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7: Ellery Who she is: A former RUSSH girl who has been dressing the cool crowd in statement shoulders and burnished textiles since 2007. Why she matters in Australia: Ellery is one of the strongest brands in Australia, thanks to designer Kym Ellery's massive cool-factor, and a sensible design strategy that focuses on mixing glittering show pieces like ultra flared pants and sculpted blouses with worn-in tee shirts and accessible little dresses. Lately Ellery has run into legal drama after she switched department store stockists from Myer (who had her exclusively) to David Jones (who stock just about every other Australian designer). She made the swap because Myer was pressuring her to do workwear, and now they’re suing. The case will be decided in the Australian Supreme Court. What she showed: An extension of her last collection which included lots of dramatic floor length skirts, metallic textiles and shoulders with single, dramatic frills at the shoulder seams. To this she added lots of shaggy faux fur. Best look: Hanne Gabby Odiele as a pristine white colored bride in a flared, ground skimming dress, split down the centre with a fluffy cream bib.

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6: Toni Maticevski Who he is: An evening and formal-wear designer whose label is celebrating its fifteenth year in business (a lifetime for an Australian brand). Why he matters in Australia: Getting dressed up for the races (a cross between your Sunday best and cocktail hour) is Australia’s strongest fashion tradition, and Toni Maticevski owns that space. Unfortunately getting blind-drunk and losing your shoes at the races is also traditional, so this is a double edged sword. Maticevski is also one of the few designers left at the Myer department store. What he showed: Some cap shouldered, calf length dresses with peplums, followed by some amazing sculptural neoprene eveningwear like gowns and fold-fronted pencil skirts. Best look: A dramatic space-aged hot coral ball gown.

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5: From Britten Who they are: Two brothers who do menswear and founded their label in 2010. Why they matter in Australia: Menswear designers are rare in Australia. Menswear designers who have decent PR representation in Europe are rarer. Menswear designers who have decent PR representation in Europe and have won the LMFF Designer Award (Australia’s second most important fashion prize after the Woolmark award), can be counted on two fingers. The other label that falls into the very specific category is Song For The Mute, who didn’t show. What they showed: Culottes, shirting, slim suit jackets, swishy pants and lots of high tech fabric. Best look: A royal purple bomber jacket with contrasting lavender lining, navy blue shirt, and big, swishy shorts.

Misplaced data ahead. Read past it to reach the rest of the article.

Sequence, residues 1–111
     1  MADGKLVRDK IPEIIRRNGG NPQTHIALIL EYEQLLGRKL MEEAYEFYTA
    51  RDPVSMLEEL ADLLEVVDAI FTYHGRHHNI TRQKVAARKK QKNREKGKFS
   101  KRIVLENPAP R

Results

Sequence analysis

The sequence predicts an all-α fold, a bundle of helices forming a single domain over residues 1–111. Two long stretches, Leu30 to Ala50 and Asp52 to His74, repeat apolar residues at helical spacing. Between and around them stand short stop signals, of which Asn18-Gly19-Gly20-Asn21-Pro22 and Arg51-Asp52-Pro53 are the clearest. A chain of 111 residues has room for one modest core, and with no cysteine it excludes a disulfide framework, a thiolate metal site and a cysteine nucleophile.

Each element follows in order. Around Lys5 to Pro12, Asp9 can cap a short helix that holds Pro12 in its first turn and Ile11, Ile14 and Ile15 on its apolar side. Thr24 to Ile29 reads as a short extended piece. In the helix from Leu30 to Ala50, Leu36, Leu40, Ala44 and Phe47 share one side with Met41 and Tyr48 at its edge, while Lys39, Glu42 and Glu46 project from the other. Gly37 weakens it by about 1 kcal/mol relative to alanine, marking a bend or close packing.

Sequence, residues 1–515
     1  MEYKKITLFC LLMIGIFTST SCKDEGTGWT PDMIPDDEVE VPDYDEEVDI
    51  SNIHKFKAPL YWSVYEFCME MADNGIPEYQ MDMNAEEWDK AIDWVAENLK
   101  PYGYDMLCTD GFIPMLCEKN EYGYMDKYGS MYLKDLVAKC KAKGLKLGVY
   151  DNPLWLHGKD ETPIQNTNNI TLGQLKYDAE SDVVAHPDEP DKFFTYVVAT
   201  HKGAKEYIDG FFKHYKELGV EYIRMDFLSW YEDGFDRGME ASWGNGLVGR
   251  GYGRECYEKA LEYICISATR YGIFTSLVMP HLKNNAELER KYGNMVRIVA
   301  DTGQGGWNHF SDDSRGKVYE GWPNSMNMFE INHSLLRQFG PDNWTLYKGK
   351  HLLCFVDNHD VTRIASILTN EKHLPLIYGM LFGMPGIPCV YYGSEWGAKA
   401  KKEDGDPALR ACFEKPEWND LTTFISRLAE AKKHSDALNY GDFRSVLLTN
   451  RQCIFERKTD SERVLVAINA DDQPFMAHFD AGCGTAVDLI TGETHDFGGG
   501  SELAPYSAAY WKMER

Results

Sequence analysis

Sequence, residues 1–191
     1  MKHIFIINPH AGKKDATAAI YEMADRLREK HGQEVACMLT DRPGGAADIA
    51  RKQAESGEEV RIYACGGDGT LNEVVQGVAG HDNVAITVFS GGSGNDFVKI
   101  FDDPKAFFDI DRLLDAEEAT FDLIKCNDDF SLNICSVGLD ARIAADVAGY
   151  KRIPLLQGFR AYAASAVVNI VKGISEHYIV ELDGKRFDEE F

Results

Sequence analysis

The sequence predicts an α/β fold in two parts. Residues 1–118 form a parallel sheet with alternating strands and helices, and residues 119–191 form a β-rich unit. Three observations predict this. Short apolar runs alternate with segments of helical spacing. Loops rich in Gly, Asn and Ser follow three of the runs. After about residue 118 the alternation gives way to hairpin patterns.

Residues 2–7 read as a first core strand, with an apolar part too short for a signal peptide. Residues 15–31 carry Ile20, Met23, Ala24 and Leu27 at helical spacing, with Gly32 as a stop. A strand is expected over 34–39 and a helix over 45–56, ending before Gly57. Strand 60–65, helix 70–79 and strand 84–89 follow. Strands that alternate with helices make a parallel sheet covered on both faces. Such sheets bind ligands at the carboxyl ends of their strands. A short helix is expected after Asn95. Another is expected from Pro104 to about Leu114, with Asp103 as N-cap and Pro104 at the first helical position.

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4: Camilla Who she is: The queen of caftans, Camilla has been selling insane rainbow, sequined cover-ups for up to $2000 for 9 years. Why she matters in Australia: Thanks to her ultra recognizable, rainbow and exotic in an everywhere-at-once way prints and staple items, Camilla is one of Australia's most successful, long running brands. What she showed: The same sort of thing she always shows, but in a giant purpose-pitched tent, in the middle of an ornate parkland, with Camilla's range of rugs laid out on the grass outside, and real life owls, llamas and parrots chilling at the front of the show. Best look: Camilla doing a whole lap of the runway at the end of the show, wearing her finest and holding hands with a pantsless Georgia May Jagger.

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3: Dion Lee Who he is: A women's ready to wear designer focused on tailoring who has been around since 2008 and is stocked on Net-A-Porter. Why he matters in Australia: Dion Lee is Australia's golden child. His fashion is fiercely his own and realized with rigorous clarity. He was Australia's finalist in the Woolmark awards this year and the fashion media here threw a hissy fit when he didn't win. What he showed: Complex, plait-paneled dresses, suiting with cutaway features, curving science-fiction bodice fronts made of metal, lots of halter necks and flat shoes. This year Lee's presentation was an intimate dinner, off the official IMG schedule, and he only showed 15 looks. Best look: A white asymmetrical halter neck with white straps crisscrossing the hips and falling into slightly slouched, tapered black pants, worn by Julia Nobis.

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2: Romance Was Born Who are they: Australia's Meadham Kirchhoff Why they matter in Australia: Romance already have collaborations with Archibald Prize winning painters and Cate Blanchett (in her role as Creative Director of Sydney Theatre Company) under their (thickly embellished) belts and a reputation for runway spectacles. What they showed: Harajuku worthy mini dresses, frills and flares over smocks all inspired by Lewis Carol's Alice, psychedelic and the art of Pip and Pop, who constructed a glowing, sugar-coated miniature Wonderland which the models first lapped, then posed inside. Best Look: An atomic rainbow wide sleeved tee, worn with feathered flares and deranged, kewpi doll makeup.

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1: Easton Pearson Who they are: Brisbane based, Australian Fashion Laureate winners who have been around since 1989. Why they matter in Australia: In Australia the Easton Pearson women are legends, with their own unique language. They were Marni before Marni and they only show every five years. What they showed: Painted silks, complex beading and ribbon embellishment, shapes in the tradition of Cristobel Balenciaga and gowns that wouldn't look out of place in a golden age film, set on a boat to Paris. Best look: The closing dress with its ruby encrusted bodice, full, periwinkle, floral painted skirt with sprays of sequins and holographic dotted petticoat was one of the best gowns I've ever seen on any runway, anywhere.